The Volcker Rule and Wall Street's Pliant Media Plant

There he goes again. Wall Street is fighting tooth and nail to emasculate the Dodd-Frank Bill, focusing its artillery on the Volcker Rule, namely those sections calling for the elimination of proprietary trading by banking institutions.
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There he goes again. Wall Street is fighting tooth and nail to emasculate the Dodd-Frank Bill, focusing its artillery on the Volcker Rule, namely those sections calling for the elimination of proprietary trading by banking institutions. In case you may have forgotten, it was the unbridled proprietary trading bundled with sham housing instruments and derivatives and out right speculation that brought us to the near collapse of the financial system in 2008.

According to yesterday's The New York Times, Wall Street made its broadest assault yet against new regulation on Monday, taking aim at a rule that has come to define the battle over how to police banks in the aftermath of the financial crisis. And there, joining the fray was that forever pliant Wall Street apologist, New York Times columnist and CNBC talking head, Andrew Ross Sorkin, weighing in with a less than feeble endorsement of the Volcker Rule ("in the long term it makes a lot of sense") while impugning it in the length and breadth of his column.

To underscore the downside of adopting the Volcker Rule he cites that paragon of banking virtue and responsible husbanding of a banking charter, Jamie Dimon, Chairman of JPMorgan Chase. Dimon, the very epitome of the type of banker the Volcker rule is meant to protect us, the public, from. With Dimon at its helm, proprietary trading, and all it embodies with its casino mentality, has become perhaps the key aspirational profit center and motivator of his institution (please see "Is JPMorgan a Bank or a Government Funded Casino? 06.09.09).

Sorkin goes on to enlist comments of critics of the Volcker Rule, highlighting their argumentation that removing big banks from making their own bets will remove liquidity from the system, thereby driving up costs. He then brushes aside Volcker's defense "The restrictions on proprietary trading by commercial banks legislated by the Dodd Frank Act are not likely to have an effect on liquidity inconsistent with the public interest." Volcker's comments continue to say that there should not be a presumption that "ever more liquidity brings a public benefit."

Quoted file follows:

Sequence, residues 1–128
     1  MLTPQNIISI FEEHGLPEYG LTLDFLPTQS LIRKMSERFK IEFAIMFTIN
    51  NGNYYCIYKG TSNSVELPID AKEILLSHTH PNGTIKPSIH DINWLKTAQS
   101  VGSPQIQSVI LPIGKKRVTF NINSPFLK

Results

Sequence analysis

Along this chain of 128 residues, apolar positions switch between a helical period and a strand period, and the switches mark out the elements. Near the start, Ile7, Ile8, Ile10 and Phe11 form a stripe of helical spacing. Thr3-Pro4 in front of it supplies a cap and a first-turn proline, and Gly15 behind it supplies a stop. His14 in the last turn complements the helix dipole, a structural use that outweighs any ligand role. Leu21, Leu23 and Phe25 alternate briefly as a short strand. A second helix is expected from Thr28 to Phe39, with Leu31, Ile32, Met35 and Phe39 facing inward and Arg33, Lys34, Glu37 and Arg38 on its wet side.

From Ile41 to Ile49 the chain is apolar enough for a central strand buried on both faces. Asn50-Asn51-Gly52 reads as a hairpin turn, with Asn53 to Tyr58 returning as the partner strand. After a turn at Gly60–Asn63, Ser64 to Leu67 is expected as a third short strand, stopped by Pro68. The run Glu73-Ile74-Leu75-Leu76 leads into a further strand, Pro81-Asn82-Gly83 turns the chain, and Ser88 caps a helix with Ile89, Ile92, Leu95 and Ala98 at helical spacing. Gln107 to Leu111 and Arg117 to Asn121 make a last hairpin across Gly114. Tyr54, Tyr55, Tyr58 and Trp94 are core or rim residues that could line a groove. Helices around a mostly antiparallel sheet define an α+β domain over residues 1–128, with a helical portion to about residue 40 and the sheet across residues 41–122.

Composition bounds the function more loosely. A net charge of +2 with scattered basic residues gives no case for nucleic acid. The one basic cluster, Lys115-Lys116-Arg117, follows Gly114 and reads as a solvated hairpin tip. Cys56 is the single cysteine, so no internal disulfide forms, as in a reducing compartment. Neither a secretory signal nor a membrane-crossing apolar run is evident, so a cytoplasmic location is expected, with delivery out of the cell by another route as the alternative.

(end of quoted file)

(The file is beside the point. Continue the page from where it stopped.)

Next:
Then Sorkin goes on to dismissively counter Volcker's position, "Yet Mr. Volcker doesn't offer any explanation for why it won't, except to argue that less liquidity might tamp down speculative trading."

One would think that Mr. Sorkin, with his extensive CV and daily exposure to the workings of the market needn't have had to dig very deeply to cite the extensive proprietary trading banks the likes of JPMorgan, Morgan Stanley, and Goldman Sachs have undertaken, speculating in a vast range of commodities such as crude oil, copper etc. and financial instruments.

In crude oil alone their proprietary trading has helped bring about ever higher gasoline and heating oil prices at the public's cost and to the banks' benefit. A feat achieved by chartering massive VLCC crude oil tankers (200,000 Dead weight Tons or more), filling them with millions of barrels of oil at a cost of hundreds of millions if not billions of dollars. Then keeping the tankers at sea for months at a time to speculate on the prospect of ever higher oil prices yet. In doing so, by taking oil off the market in the front months, they cause the spot price of oil to rise, and for all of us to pay more for petroleum based products such as gasoline, diesel fuel, heating oil, etc.

As "banks", they have access to the Fed Window and its diminutive interest rates. Money lent to banks as banks, with an implied responsibility to use those funds to assist the economy by lending to businesses and householders, perhaps even renegotiating mortgages, and generally being agents of economic growth. Certainly not taking money out of the system, to speculate on oil and other commodities while simultaneously having their speculative initiatives result in ever higher prices to be paid for by the consuming public. And why not, if their speculative positions blow up, there is the government and the ole boys club at the Treasury and the Fed to bail them out.

But then again this is not the first time, among other issues, that Mr. Sorkin has come to the defense of Wall Street interests in the guise of knowledgeable commentator. There was also the paean to Goldman Sachs(please see "One Crowd Still Loyal To Goldman Sachs" NYTimes 06.18.10).

To put the icing on the cake, Sorkin in yesterday's column, quotes Jamie Dimon, "Paul Volcker, by his own admission has said he doesn't understand capital markets. He has proven that to me." Spoken like a veritable croupier angered by a paying house guest who doesn't want to play at his gaming table.

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